The U.S. House moved urgently to head off the looming nationwide rail strike on Wednesday, passing a bill that would bind companies and workers to a proposed settlement that was reached in September but rejected by some of the 12 unions involved.
The measure passed by a vote of 290-137 and now heads to the Senate. If approved there, it will be quickly signed by President Joe Biden, who requested the action.
Biden on Monday asked Congress to intervene and avert the rail stoppage that could strike a devastating blow to the nation’s fragile economy by disrupting the transportation of fuel, food and other critical goods. Business groups including the U.S. Chamber of Commerce and the American Farm Bureau Federation warned that halting rail service would cause a $2 billion per day hit to the economy.
The bill would impose a compromise labor agreement brokered by the Biden administration that was ultimately voted down by four of the 12 unions representing more than 100,000 employees at large freight rail carriers. The unions have threatened to strike if an agreement can’t be reached before a Dec. 9 deadline.
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Lawmakers from both parties expressed reservations about overriding the negotiations. And the intervention was particularly difficult for Democratic lawmakers who have traditionally sought to align themselves with the politically powerful labor unions that criticized Biden’s move to intervene in the contract dispute and block a strike.
House Speaker Nancy Pelosi responded to that concern by adding a second vote Wednesday that would add seven days of paid sick leave per year for rail workers covered under the agreement. However, it will take effect only if the Senate goes along and passes both measures.
The call for more paid sick leave was a major sticking point in the talks. The railroads say the unions have agreed in negotiations over the decades to forgo paid sick time in favor of higher wages and strong short-term disability benefits.
The head of the Association of American Railroads trade group said Tuesday that railroads would consider adding paid sick time in the future, but said that change should wait for a new round of negotiations instead of being added now, near the end of three years of contract talks.
The unions maintain that railroads can easily afford to add paid sick time at a time when they are recording record profits. Several of the big railroads involved in these contract talks reported more than $1 billion profit in the third quarter.
“Quite frankly, the fact that paid leave is not part of the final agreement between railroads and labor is, in my opinion, obscene," said Rep. Jim McGovern, D-Mass. “It should be there and I hope it will be there at the end of this process."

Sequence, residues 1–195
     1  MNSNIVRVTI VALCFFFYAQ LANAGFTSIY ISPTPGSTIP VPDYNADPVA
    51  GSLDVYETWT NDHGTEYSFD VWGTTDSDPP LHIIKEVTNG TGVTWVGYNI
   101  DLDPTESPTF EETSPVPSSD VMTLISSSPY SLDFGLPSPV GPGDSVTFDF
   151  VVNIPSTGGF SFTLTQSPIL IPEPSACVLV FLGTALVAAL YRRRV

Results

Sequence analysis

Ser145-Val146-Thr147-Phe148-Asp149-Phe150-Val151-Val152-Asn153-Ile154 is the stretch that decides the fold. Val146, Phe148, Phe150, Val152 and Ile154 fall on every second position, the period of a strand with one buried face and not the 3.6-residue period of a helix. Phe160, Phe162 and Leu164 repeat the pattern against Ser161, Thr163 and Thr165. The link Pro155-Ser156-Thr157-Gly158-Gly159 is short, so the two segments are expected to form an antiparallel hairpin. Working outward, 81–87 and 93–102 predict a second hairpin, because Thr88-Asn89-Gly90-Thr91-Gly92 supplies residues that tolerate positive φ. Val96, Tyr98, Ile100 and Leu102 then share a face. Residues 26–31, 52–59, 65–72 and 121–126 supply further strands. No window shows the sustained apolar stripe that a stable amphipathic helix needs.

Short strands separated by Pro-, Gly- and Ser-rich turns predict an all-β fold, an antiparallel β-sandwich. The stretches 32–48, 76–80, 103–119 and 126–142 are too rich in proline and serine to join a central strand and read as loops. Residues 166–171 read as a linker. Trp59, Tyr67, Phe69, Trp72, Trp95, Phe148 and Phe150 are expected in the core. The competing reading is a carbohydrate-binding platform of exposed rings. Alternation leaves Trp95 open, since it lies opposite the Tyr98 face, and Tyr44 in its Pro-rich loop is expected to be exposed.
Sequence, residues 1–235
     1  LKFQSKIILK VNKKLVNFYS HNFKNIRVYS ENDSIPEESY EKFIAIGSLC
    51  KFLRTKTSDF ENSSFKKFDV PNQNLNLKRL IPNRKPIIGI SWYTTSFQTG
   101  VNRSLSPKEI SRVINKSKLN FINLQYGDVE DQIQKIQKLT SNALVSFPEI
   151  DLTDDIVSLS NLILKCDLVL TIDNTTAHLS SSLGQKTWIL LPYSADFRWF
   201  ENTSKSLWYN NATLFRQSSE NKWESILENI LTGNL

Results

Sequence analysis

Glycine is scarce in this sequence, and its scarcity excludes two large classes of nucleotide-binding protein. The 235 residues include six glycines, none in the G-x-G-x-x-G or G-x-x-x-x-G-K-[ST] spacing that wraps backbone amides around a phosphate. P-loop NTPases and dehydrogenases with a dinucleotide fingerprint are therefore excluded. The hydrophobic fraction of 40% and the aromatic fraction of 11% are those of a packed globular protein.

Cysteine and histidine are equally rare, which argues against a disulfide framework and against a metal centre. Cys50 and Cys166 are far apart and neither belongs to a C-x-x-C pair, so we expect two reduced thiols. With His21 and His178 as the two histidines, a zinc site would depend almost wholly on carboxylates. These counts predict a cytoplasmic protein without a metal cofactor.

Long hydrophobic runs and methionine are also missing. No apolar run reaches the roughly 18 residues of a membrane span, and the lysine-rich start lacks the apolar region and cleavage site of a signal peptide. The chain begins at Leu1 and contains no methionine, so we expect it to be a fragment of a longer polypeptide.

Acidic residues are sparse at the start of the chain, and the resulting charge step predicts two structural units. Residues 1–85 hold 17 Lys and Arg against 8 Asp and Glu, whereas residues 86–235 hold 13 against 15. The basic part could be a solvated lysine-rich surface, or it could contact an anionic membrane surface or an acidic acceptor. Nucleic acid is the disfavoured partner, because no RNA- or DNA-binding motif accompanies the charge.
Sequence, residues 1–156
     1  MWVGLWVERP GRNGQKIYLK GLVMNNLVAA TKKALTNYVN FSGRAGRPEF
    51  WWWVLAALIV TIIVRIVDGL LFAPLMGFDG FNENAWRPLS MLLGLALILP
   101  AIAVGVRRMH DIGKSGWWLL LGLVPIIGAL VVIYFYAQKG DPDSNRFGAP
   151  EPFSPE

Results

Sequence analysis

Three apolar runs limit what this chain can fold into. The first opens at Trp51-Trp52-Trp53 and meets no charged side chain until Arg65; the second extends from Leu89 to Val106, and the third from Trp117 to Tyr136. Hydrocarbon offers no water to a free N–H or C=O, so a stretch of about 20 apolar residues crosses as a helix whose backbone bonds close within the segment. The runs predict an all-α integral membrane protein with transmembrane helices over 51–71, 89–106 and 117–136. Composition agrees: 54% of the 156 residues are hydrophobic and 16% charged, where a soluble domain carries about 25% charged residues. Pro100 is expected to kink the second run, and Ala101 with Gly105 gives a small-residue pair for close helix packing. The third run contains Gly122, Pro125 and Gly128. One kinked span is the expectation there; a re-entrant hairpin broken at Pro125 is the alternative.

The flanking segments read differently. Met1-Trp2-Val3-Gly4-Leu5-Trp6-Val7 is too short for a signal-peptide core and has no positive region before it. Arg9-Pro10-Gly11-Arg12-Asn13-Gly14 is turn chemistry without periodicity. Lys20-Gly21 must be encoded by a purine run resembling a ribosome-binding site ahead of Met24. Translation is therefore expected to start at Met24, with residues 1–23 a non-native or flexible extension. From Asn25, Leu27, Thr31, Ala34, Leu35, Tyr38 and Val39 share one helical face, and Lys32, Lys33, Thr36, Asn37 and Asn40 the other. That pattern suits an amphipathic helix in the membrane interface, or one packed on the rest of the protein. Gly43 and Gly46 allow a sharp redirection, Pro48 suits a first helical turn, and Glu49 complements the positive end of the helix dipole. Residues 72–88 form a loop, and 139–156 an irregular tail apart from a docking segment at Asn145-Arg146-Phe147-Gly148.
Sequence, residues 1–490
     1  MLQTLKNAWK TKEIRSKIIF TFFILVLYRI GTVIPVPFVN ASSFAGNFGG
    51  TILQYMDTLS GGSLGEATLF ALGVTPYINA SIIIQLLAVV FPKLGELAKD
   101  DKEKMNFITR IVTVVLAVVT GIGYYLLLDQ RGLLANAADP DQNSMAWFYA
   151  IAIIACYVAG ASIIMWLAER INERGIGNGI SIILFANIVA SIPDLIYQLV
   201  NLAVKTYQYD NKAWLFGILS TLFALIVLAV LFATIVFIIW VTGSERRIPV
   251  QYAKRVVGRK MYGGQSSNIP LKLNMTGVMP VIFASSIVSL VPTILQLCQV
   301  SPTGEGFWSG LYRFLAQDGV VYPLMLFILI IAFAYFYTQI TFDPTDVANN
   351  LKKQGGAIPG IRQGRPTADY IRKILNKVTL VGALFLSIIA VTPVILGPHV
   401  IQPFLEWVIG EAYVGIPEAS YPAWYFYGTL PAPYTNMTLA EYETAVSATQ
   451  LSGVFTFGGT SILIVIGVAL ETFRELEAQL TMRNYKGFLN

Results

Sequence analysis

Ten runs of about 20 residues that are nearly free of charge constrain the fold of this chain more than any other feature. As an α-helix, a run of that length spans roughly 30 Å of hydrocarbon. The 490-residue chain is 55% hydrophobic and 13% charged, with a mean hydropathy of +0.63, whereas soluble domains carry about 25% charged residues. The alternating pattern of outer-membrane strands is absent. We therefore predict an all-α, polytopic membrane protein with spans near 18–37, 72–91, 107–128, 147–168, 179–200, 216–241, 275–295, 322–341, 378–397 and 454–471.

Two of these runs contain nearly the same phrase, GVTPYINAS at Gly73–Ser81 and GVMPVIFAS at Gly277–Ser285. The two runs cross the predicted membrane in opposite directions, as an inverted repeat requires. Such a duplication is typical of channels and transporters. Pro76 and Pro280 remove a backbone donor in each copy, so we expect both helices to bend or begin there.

Republicans also voiced support for the measure to block the strike, but criticized the Biden administration for turning to Congress to “step in to fix the mess.”
“They've retreated in failure and they kicked this problem to Congress for us to decide,” said Rep. Sam Graves, R-Mo.
Republicans also criticized Pelosi's decision to add the sick leave second bill to the mix. They said the Biden administration's own special board of arbitrators recommended higher wages to compensate the unions for not including sick time in its recommendations.
“Why do we even have the system set up the way it is if Congress is going to come in and make changes to all of the recommendations?" Graves said.
Pelosi sought to position Democrats and the Biden administration as defenders of unions and slammed the rail companies, saying they've slashed jobs, increased worker hours and cut corners on safety. But she said Congress needed to intervene.
“Families wouldn't be able to buy groceries or life-saving medications because it would be even more expensive and perishable goods would spoil before reaching shelves," Pelosi said.
The compromise agreement that was supported by the railroads and a majority of the unions provides for 24 percent raises and $5,000 in bonuses retroactive to 2020 along with one additional paid leave day. The raises would be the biggest rail workers have received in more than four decades. Workers would have to pay a larger share of their health insurance costs, but their premiums would be capped at 15 percent of the total cost of the insurance plan. The agreement did not resolve workers’ concerns about schedules that make it hard to take a day off and the lack of more paid sick time.
The Biden administration issued a statement in support of Congress passing the bill that implements the most recent tentative agreement, stressing that it would provide improved health care benefits and a historic pay raise. But the statement was silent on the measure that would add seven sick days to the agreement.
“To be clear, it is the policy of the United States to encourage collective bargaining, and the administration is reluctant to override union ratification procedures and the views of those union members who voted against the agreement," the White House said. “But in this case — where the societal and economic impacts of a shutdown would hurt millions of other working people and families — Congress must use its powers to resolve this impasse.”
On several past occasions, Congress has intervened in labor disputes by enacting legislation to delay or prohibit railway and airline strikes.